Solomon Taylor, a retired copper refinery worker, World War II veteran and barber, died of heart disease Jan. 17 at a Baltimore Veterans Assisted Living facility. The former West Baltimore resident was 98.
Born in Charles Town, West Virginia, he was the son of Beverly Taylor and his wife, Mary Ann Douglass. He attended Charles Town public schools.
He joined the Army during World War II at age 20 and was initially stationed in England and later served in France, Belgium and Luxembourg. He served in what became known as the Red Ball Express, a convoy trucking system. The trucks were marked with red circles.
In a video he made when honored by the Ravens as a Hometown Hero in November, Mr. Taylor said that while driving “I got lost two or three times. I was never scared. I drove all kind of trucks and I was fascinated by them.”
Said his son-in-law, Kenneth Younger of Millersville: “My father had no drivers’ license and could not drive when he joined the Army. They gave him an hour and a half training and he was behind the wheel of a big truck. He liked to say he was stripping the gears of the best of them.”
Mr. Taylor’s unit was composed of many African American soldiers who transported troops and supplies associated with Gen. George Patton’s 3rd Army in France and Belgium. Mr. Taylor served in the Ardennes Forest and Bastogne, Belgium, regions.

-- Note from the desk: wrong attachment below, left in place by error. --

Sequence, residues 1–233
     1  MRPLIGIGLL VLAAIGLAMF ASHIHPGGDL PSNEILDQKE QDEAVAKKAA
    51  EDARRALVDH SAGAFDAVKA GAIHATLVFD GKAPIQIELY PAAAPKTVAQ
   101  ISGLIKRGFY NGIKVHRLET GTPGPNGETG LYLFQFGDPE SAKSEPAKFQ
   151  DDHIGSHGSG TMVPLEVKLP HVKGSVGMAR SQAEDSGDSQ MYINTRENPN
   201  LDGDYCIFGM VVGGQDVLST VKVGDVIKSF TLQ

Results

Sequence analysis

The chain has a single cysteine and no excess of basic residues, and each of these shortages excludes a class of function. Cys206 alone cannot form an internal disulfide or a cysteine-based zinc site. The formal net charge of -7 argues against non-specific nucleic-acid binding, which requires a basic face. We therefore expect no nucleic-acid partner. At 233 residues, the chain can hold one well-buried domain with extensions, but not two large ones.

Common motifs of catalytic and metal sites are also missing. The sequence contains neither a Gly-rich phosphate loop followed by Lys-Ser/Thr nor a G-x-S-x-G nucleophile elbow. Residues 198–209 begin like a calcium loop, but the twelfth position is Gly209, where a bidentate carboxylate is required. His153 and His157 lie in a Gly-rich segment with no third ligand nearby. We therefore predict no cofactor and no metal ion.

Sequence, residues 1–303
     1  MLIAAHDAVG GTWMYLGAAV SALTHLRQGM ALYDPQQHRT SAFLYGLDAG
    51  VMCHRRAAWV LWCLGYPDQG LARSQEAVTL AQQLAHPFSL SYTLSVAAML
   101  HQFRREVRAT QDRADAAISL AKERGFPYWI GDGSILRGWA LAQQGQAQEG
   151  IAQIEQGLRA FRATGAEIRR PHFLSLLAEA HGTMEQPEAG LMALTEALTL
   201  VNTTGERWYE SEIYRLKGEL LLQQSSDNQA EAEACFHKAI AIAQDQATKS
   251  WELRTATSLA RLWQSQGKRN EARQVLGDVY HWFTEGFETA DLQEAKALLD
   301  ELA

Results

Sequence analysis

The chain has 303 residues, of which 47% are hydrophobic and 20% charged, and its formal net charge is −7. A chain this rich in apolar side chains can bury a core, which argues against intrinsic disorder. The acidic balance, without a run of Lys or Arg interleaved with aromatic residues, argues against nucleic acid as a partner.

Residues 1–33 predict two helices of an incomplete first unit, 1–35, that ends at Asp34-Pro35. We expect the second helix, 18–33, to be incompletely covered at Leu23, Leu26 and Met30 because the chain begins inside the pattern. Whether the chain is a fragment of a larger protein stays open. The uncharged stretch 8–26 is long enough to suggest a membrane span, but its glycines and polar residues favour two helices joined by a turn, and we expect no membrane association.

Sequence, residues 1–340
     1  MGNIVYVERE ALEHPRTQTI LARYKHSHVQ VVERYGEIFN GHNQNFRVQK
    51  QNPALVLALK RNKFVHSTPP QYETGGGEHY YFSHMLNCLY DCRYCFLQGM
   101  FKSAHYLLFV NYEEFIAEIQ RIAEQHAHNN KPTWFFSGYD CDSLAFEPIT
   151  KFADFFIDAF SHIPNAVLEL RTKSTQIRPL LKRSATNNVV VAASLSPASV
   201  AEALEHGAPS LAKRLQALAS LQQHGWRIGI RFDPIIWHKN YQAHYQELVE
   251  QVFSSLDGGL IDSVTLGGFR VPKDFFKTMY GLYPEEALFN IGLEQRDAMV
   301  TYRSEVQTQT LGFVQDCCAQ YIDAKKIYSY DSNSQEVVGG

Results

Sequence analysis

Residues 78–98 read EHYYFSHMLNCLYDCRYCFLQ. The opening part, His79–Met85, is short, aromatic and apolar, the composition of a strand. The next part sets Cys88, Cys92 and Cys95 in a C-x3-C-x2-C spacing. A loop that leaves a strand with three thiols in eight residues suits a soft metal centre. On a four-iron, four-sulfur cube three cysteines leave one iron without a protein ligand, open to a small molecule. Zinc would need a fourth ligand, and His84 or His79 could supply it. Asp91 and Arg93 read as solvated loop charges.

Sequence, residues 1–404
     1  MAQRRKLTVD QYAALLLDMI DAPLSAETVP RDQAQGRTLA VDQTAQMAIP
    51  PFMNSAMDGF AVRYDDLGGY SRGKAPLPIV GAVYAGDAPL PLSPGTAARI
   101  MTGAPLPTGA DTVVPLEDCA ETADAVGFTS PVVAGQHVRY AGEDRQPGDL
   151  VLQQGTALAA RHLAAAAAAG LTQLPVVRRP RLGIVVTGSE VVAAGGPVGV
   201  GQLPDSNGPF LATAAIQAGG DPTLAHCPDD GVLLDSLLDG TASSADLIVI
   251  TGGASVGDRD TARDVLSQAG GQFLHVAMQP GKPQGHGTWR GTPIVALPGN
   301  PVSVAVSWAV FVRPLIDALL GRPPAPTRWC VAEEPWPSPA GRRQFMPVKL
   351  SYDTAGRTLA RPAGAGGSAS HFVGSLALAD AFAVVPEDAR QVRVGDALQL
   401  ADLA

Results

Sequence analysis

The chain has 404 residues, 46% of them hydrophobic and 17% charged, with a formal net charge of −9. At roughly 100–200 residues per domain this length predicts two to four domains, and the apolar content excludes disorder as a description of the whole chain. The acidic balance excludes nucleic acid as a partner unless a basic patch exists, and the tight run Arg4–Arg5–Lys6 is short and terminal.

Mr. Taylor told family members that 75% of the Red Ball Express drivers and personnel were black. When a 1952 film, “Red Ball Express,” was made, most of the actors were white.
“His proudest accomplishment during his time in Europe was not combat," Mr. Younger said. "He was most proud of giving part of his meager C rations to poverty-stricken European children he observed eating food from trash cans. He stated that the sheer poverty of these children broke his heart.”
Mr. Younger also said Mr. Taylor declined to speak of his combat experience during World War II.
Mr. Taylor left the military as a technician 5 and bought a home on Grantley Street. He married Ray Stewart, a homemaker, in the early 1950s.
“That job gave him a chance to talk with all the guys,” said his son-in-law. “He spent a great deal of time serving his community, which included helping his fellow veterans. He would go to the veterans’ hospital and nursing homes to cut the hair of the bedridden.”
Mr. Taylor also visited the homes of elderly church members to trim hair.